There are achievements for it this time, so I was going out of my way to keep killing him and unlock them all. I did notice that there’s no longer the Spanish fly death any more either.
Al: Did we miss that one?
Paul: The Taxi driver doesn’t kill you if you bring alcohol into the taxi any more, I think.
He still does, I got caught by that one.
Al: Does the Taxi driver still kill you if you don’t pay?
He does, but you have to go really out of your way to do it, you have to try and exit the taxi like five times. It’s a nice bit of nostalgia, like with the scene where you have to buy a condom.
Al: And those are actually people who backed the game on the Kickstarter, they sent us photographs and the artists drew them.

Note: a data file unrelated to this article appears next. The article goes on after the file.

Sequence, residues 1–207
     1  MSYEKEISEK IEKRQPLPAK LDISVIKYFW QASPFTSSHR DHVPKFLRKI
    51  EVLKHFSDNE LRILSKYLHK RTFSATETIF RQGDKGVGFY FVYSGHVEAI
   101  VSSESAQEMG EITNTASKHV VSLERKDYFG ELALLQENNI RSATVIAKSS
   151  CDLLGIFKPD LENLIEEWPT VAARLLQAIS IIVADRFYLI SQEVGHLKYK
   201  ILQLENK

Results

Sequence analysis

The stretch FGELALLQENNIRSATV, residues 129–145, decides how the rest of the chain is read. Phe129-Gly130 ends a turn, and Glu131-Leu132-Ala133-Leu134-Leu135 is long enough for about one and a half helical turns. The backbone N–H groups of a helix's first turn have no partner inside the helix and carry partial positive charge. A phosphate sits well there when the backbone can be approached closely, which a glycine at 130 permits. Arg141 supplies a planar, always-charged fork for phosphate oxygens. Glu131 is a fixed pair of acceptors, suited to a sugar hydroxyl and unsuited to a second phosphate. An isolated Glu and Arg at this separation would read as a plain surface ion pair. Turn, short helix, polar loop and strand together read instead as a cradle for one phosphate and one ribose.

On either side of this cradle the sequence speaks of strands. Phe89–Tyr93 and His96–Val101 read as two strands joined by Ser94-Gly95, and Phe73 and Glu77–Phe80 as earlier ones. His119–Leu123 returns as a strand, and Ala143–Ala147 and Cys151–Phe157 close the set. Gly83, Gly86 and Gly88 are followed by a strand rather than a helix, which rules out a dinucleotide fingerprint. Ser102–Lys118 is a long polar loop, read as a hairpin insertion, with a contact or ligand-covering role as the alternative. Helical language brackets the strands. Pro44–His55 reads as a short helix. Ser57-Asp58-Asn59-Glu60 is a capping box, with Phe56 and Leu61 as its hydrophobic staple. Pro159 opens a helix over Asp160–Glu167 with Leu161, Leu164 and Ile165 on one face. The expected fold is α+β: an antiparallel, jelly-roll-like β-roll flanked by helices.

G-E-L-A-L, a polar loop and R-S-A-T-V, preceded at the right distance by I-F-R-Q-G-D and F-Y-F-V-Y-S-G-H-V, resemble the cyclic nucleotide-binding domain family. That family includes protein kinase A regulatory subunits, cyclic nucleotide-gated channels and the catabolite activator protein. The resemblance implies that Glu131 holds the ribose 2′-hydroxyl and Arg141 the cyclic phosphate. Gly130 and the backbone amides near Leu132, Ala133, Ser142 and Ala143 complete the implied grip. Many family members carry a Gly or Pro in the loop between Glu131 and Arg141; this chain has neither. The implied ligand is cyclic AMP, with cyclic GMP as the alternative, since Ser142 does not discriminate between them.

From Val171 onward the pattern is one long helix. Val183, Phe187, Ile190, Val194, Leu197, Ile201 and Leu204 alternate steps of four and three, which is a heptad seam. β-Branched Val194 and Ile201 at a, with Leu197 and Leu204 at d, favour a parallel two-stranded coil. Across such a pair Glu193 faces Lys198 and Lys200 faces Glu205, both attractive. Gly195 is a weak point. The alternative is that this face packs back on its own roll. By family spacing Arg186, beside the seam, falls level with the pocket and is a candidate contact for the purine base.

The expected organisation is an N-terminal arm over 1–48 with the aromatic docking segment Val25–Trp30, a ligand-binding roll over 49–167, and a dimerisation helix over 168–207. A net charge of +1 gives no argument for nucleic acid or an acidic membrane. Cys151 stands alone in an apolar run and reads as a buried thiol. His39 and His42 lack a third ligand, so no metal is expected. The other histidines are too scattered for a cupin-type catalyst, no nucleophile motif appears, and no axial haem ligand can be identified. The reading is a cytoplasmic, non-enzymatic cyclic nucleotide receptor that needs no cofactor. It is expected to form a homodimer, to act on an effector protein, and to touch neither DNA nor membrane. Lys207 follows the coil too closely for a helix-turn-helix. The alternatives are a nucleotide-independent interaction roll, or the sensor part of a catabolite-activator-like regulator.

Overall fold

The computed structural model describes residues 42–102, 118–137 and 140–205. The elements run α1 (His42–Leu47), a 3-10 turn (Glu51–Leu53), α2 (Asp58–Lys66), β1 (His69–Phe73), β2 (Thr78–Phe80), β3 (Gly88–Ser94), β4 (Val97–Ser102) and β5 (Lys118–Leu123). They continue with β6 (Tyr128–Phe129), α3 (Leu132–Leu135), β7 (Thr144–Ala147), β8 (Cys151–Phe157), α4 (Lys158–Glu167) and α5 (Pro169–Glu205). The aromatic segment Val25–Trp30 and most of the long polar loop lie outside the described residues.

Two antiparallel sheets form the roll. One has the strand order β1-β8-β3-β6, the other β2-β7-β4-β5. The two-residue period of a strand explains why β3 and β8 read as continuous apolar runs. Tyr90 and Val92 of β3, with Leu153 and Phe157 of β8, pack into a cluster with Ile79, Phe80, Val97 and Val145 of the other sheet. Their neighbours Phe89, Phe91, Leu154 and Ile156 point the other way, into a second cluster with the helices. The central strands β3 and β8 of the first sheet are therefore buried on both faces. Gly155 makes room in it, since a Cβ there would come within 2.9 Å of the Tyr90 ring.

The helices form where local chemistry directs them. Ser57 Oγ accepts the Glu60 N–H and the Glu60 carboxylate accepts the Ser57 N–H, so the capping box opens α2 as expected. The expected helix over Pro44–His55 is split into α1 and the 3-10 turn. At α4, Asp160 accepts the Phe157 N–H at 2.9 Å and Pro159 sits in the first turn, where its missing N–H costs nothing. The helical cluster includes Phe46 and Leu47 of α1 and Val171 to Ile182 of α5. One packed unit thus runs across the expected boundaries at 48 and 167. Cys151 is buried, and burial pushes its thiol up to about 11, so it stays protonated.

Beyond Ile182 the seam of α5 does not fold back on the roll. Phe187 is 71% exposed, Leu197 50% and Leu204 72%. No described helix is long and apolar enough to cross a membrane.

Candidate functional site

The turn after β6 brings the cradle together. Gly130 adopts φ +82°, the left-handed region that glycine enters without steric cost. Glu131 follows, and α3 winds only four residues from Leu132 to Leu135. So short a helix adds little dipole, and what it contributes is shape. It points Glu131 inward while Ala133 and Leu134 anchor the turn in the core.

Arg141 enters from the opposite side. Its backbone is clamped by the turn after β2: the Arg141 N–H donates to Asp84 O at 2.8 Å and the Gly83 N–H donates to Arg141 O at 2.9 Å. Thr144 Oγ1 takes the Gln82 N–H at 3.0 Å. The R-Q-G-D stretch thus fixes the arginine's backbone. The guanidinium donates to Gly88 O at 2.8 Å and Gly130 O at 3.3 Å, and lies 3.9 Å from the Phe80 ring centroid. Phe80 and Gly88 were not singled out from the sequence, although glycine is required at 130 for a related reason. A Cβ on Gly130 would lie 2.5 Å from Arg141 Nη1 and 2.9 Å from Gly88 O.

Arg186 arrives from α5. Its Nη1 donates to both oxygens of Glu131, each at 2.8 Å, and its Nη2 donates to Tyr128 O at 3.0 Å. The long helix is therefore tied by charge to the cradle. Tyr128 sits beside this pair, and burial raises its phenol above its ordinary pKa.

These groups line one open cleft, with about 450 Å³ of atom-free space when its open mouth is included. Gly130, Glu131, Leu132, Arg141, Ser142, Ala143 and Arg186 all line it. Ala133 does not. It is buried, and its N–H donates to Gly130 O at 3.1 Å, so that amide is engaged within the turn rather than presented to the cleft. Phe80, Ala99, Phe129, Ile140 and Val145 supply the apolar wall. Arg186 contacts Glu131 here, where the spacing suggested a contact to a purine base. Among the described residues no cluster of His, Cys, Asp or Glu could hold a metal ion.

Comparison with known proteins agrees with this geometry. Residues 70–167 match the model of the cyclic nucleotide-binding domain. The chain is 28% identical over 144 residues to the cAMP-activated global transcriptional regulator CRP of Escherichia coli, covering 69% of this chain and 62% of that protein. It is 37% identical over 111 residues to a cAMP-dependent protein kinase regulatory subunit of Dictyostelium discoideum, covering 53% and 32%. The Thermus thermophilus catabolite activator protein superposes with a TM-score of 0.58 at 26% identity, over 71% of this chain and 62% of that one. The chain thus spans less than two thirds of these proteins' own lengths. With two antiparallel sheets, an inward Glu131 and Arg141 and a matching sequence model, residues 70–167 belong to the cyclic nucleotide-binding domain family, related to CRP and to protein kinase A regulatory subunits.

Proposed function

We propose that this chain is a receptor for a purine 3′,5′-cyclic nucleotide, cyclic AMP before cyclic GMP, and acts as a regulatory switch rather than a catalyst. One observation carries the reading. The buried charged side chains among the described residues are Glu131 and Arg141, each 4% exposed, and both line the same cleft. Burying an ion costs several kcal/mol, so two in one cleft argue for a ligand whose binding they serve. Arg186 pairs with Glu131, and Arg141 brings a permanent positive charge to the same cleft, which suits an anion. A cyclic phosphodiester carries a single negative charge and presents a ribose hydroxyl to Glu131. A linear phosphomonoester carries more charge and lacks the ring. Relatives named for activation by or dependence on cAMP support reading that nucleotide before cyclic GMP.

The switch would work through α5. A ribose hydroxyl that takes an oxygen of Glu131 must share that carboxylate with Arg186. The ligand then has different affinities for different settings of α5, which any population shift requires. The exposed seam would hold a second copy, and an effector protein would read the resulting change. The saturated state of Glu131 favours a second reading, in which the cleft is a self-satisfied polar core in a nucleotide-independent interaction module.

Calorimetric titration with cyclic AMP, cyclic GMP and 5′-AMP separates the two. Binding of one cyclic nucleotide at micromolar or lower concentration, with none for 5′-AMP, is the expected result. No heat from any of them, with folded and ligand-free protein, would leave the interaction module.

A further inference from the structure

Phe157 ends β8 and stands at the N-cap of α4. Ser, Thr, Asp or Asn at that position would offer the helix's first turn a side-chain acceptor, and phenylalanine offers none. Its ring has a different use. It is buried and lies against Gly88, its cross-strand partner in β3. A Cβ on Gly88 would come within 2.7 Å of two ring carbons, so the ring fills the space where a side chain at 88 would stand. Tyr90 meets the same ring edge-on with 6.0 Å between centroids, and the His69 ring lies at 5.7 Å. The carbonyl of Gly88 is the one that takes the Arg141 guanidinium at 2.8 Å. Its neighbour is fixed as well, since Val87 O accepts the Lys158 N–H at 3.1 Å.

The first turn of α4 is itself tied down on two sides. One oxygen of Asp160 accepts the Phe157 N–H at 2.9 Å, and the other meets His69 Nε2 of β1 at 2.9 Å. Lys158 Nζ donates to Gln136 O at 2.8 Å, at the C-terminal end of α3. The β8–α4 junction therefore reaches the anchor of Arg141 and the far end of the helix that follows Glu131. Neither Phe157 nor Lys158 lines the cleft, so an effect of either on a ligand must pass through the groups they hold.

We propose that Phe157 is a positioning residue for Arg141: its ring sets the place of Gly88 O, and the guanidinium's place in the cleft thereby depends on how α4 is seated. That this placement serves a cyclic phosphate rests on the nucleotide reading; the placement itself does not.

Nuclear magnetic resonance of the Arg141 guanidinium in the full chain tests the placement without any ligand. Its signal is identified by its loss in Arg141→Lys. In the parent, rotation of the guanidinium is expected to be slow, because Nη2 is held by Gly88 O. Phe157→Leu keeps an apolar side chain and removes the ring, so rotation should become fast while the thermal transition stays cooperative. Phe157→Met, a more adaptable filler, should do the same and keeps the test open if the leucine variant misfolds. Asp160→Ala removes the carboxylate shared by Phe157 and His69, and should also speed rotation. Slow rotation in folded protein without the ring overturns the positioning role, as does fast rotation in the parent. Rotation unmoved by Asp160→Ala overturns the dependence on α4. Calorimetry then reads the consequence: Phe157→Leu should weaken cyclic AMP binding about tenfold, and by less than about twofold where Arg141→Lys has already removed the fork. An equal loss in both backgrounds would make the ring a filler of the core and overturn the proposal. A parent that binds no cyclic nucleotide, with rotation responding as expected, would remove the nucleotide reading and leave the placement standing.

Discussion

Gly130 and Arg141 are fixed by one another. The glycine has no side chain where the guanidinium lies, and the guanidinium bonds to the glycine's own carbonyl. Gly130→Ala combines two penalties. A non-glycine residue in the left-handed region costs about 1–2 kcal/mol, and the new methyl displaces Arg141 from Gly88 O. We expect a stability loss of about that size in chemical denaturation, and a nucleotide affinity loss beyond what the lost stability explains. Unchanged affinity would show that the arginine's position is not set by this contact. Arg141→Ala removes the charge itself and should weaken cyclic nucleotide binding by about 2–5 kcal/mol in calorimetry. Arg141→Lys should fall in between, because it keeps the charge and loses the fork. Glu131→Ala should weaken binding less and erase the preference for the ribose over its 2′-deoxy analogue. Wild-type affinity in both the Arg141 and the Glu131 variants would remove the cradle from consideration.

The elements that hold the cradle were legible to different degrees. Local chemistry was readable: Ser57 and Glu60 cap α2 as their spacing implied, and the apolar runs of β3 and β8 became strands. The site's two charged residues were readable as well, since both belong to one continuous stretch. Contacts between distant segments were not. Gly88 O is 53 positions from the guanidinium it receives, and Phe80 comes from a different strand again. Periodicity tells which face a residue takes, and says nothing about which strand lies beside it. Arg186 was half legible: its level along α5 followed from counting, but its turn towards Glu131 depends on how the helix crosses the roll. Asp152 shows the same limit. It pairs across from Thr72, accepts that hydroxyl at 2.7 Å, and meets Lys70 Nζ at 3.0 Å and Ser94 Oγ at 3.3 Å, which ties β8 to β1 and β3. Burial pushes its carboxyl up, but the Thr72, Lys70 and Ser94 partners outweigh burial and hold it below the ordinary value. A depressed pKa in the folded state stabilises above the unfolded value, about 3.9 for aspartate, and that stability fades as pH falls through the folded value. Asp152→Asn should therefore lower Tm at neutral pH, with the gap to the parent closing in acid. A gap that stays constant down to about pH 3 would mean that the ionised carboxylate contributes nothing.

You’ve also got little extras like the Hollywood stars on the pavement…
Al: That was one of our last-minute stretch goals, we came up with that.
Paul: I came up with that! I came up with the stars on the side-walk and you said “let’s call it Larry’s Walk of Shame!”
Al: Alright, I’ll go with that.
Paul: I don’t design much…!
Al Lowe: No, he’s pretty well sung!
But they were a great way to add some extra jokes in!
Al Lowe: Well, we just insulted people who paid us, so that was wonderful.
You get to take their money and call them rude names, isn’t that the perfect world?
Al Lowe: Yeah!
Was it difficult bringing yourself back into the world of Leisure Suit Larry for Reloaded?
Al: It wasn’t difficult because the games kind of write themselves, I’ve lost count of how many times we’ve said “Oh, that sounds like a line from the game” this week. It just happens over and over, and all those double entendres are so much fun.
So, you had to update the script a little bit…
Al: A little bit, my ass!